McPherson Square. Image from Google Street View.
Sometime earlier this month the National Park Service finally removed its fences from McPherson Square. The fences had been blocking access to most of the park for about the same length of time that Occupy DC had its tents there.
Occupy DC first started using McPherson Square in October, 2011. By January, 2012 they covered the entire park, but in February the majority of campers were removed. Some tents remained until June. In total, Occupy’s tents were up in McPherson Square for about 8 months, with the heaviest concentration lasting only about 3 months.
Shortly after booting Occupy from McPherson Square, the National Park Service fenced off all the grassy portions of the square, so they could regrow grass. The grass was back by late summer 2012, but the fences remained until just recently. They were up, completely blocking anyone from using most of the park, for about 8 months. That’s as long as Occupy used the park, and more than twice as long as Occupy’s full strength.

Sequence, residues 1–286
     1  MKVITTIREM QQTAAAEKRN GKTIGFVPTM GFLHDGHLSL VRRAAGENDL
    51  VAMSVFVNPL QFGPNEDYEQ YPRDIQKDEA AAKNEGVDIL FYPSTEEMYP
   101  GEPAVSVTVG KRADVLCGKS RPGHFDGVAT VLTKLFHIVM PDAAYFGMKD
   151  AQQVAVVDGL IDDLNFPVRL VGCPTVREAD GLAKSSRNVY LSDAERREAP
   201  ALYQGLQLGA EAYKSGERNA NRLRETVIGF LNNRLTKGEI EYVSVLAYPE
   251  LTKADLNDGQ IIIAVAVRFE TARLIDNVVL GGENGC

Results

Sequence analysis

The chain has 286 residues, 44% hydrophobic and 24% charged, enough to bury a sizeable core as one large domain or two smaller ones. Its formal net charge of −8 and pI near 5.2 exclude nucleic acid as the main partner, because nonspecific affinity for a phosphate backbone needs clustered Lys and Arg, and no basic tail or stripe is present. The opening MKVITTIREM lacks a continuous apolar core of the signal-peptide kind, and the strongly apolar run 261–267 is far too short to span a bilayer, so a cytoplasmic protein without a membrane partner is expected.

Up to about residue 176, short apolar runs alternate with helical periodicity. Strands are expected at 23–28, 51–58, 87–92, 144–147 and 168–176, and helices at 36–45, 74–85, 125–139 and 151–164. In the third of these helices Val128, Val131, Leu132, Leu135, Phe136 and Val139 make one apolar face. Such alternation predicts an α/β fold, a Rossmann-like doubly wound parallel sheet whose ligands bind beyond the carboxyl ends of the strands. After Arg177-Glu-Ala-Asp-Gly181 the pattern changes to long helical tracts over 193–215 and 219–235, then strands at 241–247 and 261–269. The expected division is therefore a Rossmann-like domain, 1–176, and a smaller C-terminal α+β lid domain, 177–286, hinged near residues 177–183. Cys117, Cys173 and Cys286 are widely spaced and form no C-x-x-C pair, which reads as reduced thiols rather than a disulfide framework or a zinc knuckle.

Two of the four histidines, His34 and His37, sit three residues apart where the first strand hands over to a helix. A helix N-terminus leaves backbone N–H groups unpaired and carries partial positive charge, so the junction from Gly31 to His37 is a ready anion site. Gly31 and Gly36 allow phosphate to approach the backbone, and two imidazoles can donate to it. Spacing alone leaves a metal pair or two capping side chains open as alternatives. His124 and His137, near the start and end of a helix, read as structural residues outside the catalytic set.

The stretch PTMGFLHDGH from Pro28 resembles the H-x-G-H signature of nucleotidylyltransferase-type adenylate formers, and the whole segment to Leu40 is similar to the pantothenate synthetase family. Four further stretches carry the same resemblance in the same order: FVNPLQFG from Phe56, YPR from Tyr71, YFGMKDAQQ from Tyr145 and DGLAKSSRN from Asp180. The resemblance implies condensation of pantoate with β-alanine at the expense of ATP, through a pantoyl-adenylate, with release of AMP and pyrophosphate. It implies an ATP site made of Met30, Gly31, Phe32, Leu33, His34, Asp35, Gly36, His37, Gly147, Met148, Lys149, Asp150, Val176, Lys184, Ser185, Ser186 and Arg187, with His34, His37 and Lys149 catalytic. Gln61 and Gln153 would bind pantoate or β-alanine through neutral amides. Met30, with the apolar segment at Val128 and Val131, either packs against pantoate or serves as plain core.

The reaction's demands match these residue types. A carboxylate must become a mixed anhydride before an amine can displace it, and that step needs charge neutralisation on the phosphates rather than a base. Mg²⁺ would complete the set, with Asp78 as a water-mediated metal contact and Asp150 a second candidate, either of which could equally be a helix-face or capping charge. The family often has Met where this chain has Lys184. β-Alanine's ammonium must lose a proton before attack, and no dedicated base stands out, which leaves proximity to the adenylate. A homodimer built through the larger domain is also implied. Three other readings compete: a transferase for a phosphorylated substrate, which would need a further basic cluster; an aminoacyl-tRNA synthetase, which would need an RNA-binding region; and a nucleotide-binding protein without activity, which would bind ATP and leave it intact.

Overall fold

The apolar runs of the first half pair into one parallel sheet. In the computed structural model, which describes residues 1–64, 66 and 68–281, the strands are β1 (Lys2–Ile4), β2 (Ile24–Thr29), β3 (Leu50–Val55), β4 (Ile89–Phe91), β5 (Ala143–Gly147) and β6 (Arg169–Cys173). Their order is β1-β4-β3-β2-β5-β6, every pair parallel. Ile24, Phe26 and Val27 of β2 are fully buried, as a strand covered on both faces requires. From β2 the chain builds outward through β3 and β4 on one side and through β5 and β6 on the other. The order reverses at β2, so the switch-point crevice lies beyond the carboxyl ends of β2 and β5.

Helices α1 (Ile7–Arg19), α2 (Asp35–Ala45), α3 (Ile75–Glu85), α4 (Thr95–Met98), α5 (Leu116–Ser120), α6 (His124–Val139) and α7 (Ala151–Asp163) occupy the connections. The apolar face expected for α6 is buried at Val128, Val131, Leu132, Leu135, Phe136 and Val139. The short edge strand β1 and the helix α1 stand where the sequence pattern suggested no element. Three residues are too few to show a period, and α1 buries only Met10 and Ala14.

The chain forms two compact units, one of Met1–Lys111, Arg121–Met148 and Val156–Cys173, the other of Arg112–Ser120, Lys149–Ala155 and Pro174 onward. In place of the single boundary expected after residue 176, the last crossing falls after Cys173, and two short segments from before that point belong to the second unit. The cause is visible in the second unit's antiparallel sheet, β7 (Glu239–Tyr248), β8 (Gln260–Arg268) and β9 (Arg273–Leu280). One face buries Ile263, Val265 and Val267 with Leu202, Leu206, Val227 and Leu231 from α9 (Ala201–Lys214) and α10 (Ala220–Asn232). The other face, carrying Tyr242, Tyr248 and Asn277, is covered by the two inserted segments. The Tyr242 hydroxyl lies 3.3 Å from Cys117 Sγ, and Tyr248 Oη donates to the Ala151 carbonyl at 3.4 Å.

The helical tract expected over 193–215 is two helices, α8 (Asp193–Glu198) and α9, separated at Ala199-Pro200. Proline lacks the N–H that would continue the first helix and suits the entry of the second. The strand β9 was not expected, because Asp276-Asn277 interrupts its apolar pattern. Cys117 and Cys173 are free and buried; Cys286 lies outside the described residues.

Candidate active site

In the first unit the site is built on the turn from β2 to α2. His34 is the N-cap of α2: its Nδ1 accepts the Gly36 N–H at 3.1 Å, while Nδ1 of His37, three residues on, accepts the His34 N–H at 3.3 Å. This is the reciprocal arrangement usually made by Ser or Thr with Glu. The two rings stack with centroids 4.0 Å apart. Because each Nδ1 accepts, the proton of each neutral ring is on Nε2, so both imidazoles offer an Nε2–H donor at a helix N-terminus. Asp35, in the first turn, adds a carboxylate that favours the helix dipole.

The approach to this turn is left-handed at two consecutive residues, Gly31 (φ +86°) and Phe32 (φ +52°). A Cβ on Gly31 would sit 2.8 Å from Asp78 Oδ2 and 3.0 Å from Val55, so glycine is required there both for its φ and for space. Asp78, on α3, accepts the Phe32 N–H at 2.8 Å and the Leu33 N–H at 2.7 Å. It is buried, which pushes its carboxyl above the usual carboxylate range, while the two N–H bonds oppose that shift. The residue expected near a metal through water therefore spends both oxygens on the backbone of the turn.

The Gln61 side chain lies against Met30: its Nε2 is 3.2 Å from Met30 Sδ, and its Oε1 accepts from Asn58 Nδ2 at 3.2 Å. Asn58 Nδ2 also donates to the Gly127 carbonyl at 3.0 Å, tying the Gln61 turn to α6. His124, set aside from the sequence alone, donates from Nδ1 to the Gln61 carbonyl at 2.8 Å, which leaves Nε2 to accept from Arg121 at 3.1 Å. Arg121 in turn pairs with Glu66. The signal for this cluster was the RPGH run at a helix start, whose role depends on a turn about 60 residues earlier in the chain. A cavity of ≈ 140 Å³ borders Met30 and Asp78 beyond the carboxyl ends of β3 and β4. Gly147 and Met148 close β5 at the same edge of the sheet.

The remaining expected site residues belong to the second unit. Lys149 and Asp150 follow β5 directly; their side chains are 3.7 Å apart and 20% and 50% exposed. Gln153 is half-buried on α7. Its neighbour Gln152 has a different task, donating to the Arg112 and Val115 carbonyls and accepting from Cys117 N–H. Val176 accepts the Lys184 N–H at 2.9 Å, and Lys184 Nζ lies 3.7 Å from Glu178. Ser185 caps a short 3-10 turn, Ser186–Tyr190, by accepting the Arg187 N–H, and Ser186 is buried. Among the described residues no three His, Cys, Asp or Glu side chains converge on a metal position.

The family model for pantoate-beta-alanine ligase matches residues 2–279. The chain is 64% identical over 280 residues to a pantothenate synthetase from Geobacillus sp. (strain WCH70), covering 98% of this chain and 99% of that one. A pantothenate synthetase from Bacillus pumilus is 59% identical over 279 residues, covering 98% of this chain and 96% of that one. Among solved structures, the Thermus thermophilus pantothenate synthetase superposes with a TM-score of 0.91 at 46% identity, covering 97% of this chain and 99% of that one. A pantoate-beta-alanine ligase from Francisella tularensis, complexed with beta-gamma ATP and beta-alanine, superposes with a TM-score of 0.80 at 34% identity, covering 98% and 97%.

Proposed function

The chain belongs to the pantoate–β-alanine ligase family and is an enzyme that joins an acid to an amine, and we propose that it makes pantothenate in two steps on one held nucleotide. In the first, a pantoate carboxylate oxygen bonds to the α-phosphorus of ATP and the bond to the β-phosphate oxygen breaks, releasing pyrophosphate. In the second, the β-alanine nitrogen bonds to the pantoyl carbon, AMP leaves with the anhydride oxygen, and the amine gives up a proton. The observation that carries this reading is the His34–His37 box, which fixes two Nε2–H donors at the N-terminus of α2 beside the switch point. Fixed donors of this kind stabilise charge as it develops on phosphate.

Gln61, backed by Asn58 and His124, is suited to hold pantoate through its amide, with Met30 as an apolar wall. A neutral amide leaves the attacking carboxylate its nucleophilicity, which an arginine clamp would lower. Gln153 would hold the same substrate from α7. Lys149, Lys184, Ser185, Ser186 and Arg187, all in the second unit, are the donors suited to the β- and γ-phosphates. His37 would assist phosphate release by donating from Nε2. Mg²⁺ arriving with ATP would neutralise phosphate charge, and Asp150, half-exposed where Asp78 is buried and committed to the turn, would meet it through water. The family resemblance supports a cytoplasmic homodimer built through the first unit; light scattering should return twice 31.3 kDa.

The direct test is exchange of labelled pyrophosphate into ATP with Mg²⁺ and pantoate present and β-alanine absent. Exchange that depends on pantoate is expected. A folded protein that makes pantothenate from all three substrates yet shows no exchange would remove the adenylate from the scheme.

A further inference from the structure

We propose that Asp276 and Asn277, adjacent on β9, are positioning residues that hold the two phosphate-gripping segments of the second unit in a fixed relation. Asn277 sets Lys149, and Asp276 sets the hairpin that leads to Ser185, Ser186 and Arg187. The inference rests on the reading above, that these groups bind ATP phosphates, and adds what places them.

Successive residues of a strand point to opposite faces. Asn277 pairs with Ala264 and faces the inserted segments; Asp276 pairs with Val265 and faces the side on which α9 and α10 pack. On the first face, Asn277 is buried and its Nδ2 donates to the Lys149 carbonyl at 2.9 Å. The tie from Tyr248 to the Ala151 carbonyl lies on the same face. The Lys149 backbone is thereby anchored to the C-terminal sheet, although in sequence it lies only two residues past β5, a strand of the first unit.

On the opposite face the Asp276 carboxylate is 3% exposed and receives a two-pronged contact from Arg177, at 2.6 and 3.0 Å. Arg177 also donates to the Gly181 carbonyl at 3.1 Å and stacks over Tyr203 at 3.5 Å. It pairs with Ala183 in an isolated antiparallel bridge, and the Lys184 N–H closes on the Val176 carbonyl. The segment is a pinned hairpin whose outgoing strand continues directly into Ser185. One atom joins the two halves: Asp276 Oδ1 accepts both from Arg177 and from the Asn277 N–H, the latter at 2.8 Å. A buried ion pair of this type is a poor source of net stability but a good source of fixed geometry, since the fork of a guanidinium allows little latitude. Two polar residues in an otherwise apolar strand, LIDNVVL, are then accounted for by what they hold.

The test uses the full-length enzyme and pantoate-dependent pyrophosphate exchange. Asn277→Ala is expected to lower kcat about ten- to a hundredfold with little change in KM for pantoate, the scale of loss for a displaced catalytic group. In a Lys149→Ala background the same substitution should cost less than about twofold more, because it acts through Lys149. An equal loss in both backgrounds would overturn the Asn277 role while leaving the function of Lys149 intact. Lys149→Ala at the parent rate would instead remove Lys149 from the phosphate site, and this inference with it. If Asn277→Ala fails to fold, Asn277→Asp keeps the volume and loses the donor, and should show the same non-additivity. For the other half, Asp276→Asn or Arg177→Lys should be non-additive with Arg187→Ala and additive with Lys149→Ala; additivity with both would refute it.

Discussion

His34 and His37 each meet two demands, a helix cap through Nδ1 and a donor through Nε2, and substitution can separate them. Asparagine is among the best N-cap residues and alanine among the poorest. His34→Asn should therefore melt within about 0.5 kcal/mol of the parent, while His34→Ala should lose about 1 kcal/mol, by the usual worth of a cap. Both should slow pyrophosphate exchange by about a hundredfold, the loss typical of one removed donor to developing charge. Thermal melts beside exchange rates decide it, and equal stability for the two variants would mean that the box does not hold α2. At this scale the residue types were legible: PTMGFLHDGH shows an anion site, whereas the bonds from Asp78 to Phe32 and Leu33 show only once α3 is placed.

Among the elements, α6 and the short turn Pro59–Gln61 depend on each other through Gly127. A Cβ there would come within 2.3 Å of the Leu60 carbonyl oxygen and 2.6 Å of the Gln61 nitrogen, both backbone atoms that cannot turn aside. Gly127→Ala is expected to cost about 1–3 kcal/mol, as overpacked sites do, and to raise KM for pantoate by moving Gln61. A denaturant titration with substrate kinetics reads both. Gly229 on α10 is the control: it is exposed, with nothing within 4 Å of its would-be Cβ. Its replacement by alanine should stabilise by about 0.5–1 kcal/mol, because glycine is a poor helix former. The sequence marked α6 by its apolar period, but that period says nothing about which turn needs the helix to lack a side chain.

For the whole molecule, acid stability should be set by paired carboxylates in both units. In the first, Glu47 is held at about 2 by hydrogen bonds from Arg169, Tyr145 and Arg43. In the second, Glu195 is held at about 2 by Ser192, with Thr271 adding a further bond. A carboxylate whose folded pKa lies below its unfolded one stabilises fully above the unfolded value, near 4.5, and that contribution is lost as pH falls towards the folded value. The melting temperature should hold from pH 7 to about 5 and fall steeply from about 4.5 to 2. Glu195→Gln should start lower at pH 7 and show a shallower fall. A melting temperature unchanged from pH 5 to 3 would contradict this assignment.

And of course, Occupy didn’t stop anyone from using the park the way NPS did. Occupy was there, in the way, but they didn’t put up fences. Occupy never tried to physically stop other people from using McPherson Square.
This NPS “fix” was worse than the “problem”, and was the latest illustration of how NPS prioritizes grass above the people who actually use their parks.
For years NPS has managed DC’s urban parks like Yellowstone or Yosemite, treating them like nature preserves instead of social places for people. They have gotten a little better in recent years, with new leadership in charge of DC park lands, but obviously much improvement is still needed.